People I Want to Punch in the Throat: Top 12 Lessons for My Kids in a Trump Presidency

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Top 12 Lessons for My Kids in a Trump Presidency

Photo: whitehouse.gov

Well, the inauguration is over. It finally happened. Some of you are jumping for joy and yelling "Praise the Lord!" Some of you are cowering in your basements, recounting your hoarded canned goods because surely this is Armageddon. But I would bet that a lot of you are like me: nervous, agitated, frustrated, emotional, all rolled into one exhausted ball. I feel like I've been living with a weight on me since November 8th. A weight of "What's going to happen?" Well, now we'll find out. Now we'll finally start our four years with Donald J. Trump. Now we'll see if he's all lies and smoke and mirrors or if he's going to do the things he promised (and threatened).



I wasn't against everything he promised. I was on board with "Drain the swamp." Unfortunately, I don't see that happening at all, if anything he's expanding the swamp. I loved getting rid of pay to play. But when we've got completely unqualified people like Betsy DeVos up for Secretary of Education and Linda McMahon picked to be the Small Business Administrator, I realize that he's full of absolute shit since both of these women have given millions to Trump. (It is believed that DeVos has given around $200 million.) I'm all for term limits. PLEASE, PLEASE, PLEASE. I would love to see some term limits. I'd love to see our representatives actually worry about serving their constituents wants and needs rather than worry about their re-election.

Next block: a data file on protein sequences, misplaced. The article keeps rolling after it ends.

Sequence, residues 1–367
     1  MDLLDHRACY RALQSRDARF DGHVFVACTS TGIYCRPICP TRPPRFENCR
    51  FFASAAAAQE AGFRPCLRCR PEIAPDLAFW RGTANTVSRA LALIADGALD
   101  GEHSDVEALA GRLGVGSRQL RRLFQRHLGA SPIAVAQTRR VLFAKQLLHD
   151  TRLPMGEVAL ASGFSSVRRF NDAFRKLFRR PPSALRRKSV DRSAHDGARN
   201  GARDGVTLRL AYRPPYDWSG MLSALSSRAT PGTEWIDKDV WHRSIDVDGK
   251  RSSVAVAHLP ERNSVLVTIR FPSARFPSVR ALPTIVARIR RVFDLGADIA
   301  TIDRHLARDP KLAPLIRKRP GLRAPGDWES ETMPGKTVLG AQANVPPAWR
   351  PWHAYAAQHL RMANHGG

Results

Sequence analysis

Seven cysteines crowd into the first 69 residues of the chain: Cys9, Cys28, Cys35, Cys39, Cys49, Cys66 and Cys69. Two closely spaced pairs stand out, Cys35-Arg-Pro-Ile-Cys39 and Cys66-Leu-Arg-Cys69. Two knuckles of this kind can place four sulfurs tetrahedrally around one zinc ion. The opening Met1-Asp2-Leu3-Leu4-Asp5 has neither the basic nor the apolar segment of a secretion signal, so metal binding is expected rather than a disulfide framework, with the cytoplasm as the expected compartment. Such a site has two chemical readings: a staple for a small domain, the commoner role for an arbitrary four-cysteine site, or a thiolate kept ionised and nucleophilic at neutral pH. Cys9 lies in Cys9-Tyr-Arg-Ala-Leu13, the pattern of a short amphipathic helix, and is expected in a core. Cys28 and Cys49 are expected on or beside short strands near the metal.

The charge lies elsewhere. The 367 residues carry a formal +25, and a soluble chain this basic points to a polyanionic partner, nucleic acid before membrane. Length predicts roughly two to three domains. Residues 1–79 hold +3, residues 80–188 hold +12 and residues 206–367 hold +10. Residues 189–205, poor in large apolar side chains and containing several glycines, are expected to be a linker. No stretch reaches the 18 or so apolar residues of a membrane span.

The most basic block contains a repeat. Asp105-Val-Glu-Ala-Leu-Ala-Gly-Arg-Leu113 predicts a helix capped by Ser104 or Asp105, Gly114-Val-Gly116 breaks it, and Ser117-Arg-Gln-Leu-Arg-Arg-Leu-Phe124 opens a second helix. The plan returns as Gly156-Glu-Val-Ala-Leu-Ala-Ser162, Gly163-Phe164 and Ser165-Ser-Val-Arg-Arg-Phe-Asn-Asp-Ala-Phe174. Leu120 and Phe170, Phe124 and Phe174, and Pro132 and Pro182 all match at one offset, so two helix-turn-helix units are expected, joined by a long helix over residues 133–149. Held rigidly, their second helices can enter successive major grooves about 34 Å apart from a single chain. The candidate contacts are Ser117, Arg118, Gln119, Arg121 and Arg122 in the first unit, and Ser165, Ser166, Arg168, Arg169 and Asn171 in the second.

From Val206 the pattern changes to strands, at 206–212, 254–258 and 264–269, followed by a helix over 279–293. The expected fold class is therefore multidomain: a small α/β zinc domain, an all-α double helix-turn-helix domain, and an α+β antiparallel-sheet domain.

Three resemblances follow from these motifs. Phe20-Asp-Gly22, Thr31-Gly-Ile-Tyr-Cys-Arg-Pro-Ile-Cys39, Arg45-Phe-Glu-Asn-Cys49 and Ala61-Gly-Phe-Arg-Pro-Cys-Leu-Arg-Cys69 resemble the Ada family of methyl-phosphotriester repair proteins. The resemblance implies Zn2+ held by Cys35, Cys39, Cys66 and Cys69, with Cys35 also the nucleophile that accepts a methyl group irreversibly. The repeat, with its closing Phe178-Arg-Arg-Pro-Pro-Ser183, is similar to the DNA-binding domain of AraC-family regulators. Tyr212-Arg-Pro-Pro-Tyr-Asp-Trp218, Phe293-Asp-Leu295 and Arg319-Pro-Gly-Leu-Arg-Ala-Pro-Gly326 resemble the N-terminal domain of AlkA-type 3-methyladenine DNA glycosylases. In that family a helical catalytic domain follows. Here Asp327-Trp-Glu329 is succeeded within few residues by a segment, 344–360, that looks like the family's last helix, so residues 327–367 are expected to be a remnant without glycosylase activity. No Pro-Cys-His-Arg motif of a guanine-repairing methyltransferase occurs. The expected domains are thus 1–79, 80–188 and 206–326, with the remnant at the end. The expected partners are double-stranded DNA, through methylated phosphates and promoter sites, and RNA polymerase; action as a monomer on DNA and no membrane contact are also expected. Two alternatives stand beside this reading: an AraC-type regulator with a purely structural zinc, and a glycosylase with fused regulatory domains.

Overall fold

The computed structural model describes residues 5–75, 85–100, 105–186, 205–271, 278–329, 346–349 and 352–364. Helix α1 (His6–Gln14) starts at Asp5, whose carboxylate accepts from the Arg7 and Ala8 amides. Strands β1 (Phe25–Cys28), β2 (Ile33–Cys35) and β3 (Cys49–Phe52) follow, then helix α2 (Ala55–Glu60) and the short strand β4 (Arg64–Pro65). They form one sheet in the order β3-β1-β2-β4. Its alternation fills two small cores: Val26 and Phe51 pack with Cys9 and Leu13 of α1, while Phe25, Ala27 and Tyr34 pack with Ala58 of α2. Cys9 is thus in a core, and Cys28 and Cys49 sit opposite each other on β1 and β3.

With all of this said, you'd have to be new around here to think I didn't vote for Hillary, though. Of course I did. I'm not going to get into yet another fight about why she was the one I voted for, because it doesn't matter anymore. She didn't win. And so now I have to look forward and figure out how I'm going to get through four years of Trump.